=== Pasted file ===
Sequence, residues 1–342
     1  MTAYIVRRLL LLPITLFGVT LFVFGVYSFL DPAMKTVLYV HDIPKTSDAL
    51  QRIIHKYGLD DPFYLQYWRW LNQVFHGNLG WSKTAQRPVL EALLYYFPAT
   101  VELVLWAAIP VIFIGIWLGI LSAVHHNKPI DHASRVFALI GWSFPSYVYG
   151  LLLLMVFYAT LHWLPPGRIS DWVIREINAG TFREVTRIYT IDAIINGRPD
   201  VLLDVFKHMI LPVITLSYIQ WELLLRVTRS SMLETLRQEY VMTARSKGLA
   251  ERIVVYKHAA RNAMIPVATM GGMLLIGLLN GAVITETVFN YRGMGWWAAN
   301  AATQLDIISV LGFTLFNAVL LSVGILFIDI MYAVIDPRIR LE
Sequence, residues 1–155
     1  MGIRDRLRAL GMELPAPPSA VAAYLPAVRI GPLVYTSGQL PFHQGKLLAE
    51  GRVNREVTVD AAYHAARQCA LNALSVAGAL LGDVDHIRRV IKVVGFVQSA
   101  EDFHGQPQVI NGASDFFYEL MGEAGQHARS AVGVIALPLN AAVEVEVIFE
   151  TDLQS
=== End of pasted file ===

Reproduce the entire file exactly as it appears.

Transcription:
Sequence, residues 1–342
     1  MTAYIVRRLL LLPITLFGVT LFVFGVYSFL DPAMKTVLYV HDIPKTSDAL
    51  QRIIHKYGLD DPFYLQYWRW LNQVFHGNLG WSKTAQRPVL EALLYYFPAT
   101  VELVLWAAIP VIFIGIWLGI LSAVHHNKPI DHASRVFALI GWSFPSYVYG
   151  LLLLMVFYAT LHWLPPGRIS DWVIREINAG TFREVTRIYT IDAIINGRPD
   201  VLLDVFKHMI LPVITLSYIQ WELLLRVTRS SMLETLRQEY VMTARSKGLA
   251  ERIVVYKHAA RNAMIPVATM GGMLLIGLLN GAVITETVFN YRGMGWWAAN
   301  AATQLDIISV LGFTLFNAVL LSVGILFIDI MYAVIDPRIR LE
Sequence, residues 1–155
     1  MGIRDRLRAL GMELPAPPSA VAAYLPAVRI GPLVYTSGQL PFHQGKLLAE
    51  GRVNREVTVD AAYHAARQCA LNALSVAGAL LGDVDHIRRV IKVVGFVQSA
   101  EDFHGQPQVI NGASDFFYEL MGEAGQHARS AVGVIALPLN AAVEVEVIFE
   151  TDLQS